Goldfrapp - Royal Concert Hall, Glasgow, Fri 4 Apr 2014
The grown up popstar performs an astonishingly varied set with a constant mixing and balancing of moods
Alison Goldfrapp has some very, very loyal fans. As Britten’s Peter and the Wolf fades out, she trips on stage to excitable screams and cries of ‘we love you Alison’ that emanate somewhat unexpectedly from a crowd that is more than just greying round the edges. As befits such a grown-up pop star (her spooky debut, Felt Mountain, was released in 2000 when she was in her mid-30s), everything about Goldfrapp’s show feels well put-together – from her outfit, to the songs, to the trajectory of the show itself – it’s all simple but dramatic.
Material from last year’s Tales of Us abounds in the first half of the set, which begins with the creepy fairytale menace of album opener ‘Jo’, enhanced by the low lighting and dimly visible backdrop hinting at the deep, dark woods. A consummate weaver of atmospheres, Goldfrapp sustains her audience through an astonishingly varied set with a constant mixing and balancing of moods, of warm and cold, dark and light, desperate and proud. Possessed of a uniquely malleable voice that spans several octaves comfortably, she is poised somewhere between sultry, smoky Weimar-era cabaret singer and somewhat more squeaky alt-pop kook.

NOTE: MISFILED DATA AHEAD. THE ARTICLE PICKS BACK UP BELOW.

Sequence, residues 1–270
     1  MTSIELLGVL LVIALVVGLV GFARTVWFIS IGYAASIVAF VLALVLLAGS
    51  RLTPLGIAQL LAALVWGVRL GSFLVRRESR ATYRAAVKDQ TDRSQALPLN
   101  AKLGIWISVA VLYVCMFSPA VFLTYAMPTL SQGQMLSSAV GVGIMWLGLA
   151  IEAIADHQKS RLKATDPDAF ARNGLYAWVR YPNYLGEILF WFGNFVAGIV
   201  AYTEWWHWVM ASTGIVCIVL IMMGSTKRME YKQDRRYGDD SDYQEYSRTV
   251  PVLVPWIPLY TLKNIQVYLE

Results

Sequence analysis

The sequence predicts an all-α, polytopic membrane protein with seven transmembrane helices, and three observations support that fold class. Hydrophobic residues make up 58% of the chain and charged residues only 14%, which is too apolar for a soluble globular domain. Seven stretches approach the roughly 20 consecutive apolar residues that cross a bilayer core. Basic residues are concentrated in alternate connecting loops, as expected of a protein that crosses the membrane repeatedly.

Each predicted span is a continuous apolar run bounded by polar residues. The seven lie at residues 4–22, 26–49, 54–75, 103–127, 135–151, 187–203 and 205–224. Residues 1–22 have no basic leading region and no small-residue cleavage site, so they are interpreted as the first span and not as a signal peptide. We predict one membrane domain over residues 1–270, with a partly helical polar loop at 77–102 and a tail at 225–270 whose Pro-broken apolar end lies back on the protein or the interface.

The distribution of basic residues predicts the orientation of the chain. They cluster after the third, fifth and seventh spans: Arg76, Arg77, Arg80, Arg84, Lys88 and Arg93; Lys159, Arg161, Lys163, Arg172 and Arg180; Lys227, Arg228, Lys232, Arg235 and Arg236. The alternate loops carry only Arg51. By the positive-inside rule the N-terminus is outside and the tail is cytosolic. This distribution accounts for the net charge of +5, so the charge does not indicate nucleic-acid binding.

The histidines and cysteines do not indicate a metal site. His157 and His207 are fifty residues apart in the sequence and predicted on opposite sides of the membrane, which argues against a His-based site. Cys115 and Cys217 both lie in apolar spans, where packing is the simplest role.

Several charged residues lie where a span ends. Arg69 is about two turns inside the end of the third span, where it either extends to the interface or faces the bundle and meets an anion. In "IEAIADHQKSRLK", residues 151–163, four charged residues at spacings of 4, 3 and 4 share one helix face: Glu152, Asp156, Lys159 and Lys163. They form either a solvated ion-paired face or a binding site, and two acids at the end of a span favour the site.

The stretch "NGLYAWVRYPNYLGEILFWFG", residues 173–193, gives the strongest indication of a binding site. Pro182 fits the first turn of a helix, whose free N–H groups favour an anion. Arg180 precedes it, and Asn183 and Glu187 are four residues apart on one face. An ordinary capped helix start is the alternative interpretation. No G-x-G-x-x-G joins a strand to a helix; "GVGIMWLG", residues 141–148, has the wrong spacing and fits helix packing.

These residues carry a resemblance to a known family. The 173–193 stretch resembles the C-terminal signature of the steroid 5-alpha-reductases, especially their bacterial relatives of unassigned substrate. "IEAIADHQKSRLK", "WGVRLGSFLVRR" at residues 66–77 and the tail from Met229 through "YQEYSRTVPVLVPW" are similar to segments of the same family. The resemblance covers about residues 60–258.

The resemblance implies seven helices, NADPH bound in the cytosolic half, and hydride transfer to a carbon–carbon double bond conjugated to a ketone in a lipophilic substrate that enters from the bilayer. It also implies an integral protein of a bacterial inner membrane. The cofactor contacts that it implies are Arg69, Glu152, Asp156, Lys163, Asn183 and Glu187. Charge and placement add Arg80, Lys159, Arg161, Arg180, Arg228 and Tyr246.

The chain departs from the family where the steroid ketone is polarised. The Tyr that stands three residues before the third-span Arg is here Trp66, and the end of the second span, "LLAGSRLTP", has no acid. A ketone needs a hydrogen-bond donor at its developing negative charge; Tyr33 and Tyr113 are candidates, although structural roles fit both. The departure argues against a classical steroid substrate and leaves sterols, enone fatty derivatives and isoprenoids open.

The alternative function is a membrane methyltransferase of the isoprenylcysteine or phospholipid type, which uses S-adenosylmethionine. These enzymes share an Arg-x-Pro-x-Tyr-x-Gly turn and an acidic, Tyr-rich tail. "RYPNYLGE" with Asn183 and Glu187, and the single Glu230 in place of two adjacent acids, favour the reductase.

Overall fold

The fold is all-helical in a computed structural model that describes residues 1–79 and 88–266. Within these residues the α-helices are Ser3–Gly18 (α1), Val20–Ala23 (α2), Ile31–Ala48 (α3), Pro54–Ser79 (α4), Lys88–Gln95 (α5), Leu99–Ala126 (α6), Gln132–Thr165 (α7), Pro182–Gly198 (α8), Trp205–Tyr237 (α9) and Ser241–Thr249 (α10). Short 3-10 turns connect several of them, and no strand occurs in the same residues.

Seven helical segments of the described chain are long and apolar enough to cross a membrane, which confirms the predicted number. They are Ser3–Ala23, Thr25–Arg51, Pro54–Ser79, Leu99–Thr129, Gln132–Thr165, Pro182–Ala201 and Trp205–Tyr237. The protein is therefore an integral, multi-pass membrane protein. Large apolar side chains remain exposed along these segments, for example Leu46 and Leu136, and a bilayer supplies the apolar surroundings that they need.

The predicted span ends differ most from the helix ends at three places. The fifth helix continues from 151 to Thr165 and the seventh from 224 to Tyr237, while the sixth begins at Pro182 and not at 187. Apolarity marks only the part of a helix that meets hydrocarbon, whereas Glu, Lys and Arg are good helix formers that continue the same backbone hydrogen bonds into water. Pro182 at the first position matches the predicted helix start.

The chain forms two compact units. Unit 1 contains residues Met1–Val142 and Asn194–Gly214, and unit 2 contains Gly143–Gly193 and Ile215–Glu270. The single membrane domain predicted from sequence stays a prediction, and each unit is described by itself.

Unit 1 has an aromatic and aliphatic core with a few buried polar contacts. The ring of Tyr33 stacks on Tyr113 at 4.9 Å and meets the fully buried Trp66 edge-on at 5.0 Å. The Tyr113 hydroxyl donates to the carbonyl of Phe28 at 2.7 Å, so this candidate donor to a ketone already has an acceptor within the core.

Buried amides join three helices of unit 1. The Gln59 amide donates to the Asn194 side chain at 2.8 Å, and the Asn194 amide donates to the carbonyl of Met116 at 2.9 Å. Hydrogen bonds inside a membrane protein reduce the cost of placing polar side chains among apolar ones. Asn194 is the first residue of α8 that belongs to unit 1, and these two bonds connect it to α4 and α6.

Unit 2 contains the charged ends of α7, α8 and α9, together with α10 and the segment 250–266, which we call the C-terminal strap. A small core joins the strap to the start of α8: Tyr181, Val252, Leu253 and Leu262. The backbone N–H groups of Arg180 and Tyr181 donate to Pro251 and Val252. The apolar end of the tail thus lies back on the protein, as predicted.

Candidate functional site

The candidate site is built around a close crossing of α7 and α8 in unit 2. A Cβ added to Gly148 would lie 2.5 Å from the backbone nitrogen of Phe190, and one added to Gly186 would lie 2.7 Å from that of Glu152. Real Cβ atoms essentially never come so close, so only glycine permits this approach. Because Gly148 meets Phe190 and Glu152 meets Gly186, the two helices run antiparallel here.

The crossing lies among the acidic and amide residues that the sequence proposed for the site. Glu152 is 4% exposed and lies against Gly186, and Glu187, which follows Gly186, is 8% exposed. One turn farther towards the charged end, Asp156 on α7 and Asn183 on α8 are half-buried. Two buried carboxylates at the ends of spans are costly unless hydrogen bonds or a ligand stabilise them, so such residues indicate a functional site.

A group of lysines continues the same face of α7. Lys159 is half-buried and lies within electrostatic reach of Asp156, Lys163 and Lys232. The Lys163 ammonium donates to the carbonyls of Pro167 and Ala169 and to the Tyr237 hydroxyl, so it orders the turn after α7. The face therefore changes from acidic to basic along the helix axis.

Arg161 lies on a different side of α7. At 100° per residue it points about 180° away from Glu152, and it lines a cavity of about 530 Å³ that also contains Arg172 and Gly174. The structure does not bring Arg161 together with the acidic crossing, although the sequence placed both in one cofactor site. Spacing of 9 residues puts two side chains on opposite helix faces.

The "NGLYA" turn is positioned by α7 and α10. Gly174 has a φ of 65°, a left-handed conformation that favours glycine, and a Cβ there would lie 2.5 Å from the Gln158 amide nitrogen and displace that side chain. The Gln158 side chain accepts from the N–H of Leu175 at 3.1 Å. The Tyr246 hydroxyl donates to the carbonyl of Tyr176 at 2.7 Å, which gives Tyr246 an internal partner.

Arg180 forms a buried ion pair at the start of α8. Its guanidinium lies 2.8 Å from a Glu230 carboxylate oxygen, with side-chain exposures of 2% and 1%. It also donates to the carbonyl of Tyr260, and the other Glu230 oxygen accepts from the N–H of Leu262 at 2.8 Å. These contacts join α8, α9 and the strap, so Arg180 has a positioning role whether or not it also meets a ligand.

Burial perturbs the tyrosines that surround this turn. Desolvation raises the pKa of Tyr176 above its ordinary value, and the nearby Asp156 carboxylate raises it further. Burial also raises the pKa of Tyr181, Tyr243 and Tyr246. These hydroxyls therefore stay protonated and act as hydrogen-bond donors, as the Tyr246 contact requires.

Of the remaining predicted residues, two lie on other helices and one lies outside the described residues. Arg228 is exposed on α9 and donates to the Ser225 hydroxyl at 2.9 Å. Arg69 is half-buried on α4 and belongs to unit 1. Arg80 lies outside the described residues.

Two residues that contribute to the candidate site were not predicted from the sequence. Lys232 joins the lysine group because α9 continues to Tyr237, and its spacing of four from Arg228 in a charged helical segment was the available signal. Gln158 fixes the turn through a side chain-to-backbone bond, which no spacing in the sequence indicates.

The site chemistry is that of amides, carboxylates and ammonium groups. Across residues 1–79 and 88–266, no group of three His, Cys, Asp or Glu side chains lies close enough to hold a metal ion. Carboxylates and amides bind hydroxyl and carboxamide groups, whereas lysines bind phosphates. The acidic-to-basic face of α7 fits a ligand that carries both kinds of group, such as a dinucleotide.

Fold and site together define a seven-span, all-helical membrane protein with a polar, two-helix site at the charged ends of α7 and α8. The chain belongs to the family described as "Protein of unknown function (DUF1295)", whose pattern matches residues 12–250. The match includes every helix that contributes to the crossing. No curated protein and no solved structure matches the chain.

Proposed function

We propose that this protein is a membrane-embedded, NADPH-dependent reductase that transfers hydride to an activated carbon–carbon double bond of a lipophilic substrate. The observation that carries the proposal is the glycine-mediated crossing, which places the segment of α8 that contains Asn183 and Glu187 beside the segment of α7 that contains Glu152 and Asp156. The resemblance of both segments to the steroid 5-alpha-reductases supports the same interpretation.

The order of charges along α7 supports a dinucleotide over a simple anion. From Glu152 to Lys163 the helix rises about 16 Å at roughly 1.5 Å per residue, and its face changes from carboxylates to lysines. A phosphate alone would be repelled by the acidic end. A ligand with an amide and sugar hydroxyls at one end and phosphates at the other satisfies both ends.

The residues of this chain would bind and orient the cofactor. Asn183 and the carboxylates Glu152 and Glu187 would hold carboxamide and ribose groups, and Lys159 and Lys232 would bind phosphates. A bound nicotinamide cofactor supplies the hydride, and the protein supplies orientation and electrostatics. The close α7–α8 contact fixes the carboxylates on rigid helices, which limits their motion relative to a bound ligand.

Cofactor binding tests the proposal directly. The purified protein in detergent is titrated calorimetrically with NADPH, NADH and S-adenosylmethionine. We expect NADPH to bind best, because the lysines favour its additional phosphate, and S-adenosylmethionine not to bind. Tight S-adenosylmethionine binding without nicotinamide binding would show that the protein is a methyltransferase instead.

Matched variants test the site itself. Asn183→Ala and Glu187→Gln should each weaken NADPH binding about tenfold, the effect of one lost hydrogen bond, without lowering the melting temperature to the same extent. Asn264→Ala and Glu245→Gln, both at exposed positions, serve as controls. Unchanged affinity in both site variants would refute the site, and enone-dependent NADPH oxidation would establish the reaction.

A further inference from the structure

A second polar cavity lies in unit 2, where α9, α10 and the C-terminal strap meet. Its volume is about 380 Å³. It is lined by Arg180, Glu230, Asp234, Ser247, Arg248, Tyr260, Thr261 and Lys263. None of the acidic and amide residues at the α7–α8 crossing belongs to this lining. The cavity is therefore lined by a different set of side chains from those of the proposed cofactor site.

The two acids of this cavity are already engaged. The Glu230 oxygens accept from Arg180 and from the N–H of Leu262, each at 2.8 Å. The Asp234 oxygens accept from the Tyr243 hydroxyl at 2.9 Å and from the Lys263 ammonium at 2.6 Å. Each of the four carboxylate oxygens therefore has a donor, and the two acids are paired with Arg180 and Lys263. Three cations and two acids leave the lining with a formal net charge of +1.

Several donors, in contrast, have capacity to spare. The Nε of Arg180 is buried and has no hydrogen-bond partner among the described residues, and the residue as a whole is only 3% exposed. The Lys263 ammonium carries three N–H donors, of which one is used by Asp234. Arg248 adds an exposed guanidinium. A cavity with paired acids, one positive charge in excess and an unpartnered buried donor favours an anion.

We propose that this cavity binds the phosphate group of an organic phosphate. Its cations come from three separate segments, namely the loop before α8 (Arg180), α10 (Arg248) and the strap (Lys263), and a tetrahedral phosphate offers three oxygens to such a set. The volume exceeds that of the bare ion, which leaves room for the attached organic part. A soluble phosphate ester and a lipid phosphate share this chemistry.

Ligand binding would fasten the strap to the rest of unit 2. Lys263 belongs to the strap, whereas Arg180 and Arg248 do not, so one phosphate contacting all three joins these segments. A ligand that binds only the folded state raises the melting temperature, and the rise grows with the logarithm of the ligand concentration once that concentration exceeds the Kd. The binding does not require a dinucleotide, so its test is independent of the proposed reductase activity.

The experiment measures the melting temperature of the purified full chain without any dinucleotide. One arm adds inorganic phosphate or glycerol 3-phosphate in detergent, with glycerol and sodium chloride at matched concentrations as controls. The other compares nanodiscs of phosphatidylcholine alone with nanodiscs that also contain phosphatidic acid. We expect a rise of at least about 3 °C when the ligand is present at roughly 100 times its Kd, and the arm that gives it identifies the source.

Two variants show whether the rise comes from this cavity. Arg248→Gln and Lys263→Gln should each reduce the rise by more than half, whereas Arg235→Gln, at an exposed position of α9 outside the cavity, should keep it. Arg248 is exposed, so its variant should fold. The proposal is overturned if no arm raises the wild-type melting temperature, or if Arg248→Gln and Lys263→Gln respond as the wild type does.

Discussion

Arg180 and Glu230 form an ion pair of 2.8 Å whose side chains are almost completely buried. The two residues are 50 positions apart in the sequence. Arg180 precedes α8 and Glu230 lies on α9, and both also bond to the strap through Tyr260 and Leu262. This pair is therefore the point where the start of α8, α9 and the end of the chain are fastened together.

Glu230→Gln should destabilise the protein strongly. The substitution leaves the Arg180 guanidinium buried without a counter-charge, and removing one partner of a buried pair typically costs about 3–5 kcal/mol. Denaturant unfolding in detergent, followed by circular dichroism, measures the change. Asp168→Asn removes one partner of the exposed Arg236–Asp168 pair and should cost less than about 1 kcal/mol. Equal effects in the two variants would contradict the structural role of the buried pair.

After a quick 45 minutes of the magical and the mystical, Goldfrapp gets everyone on their feet for the first of the big pop hits – ‘Number One’. It actually feels a bit run-of-the-mill after what we’ve just seen, its sentiments a bit trite and chorus repetitive, but things soon get back on track with ‘Ride a White Horse’, which expertly mixes those poppy hooks and thumping bass lines with that element of the fantastical. Her band are remarkably adaptable, going from passionate, violin-led crescendos to mesmeric electro beats without the bat of an eyelid. The final two songs of the encore, while alike in their sensuality, showcase the two extremes of Goldfrapp’s sound at their very best: Felt Mountain’s otherworldly, lazy ‘Lovely Head’ (‘it’s about an ex … they usually are,’ she deadpans before nevertheless launching into a sublime rendering of its longing desire) and stomping, sexy closer, ‘Strict Machine’.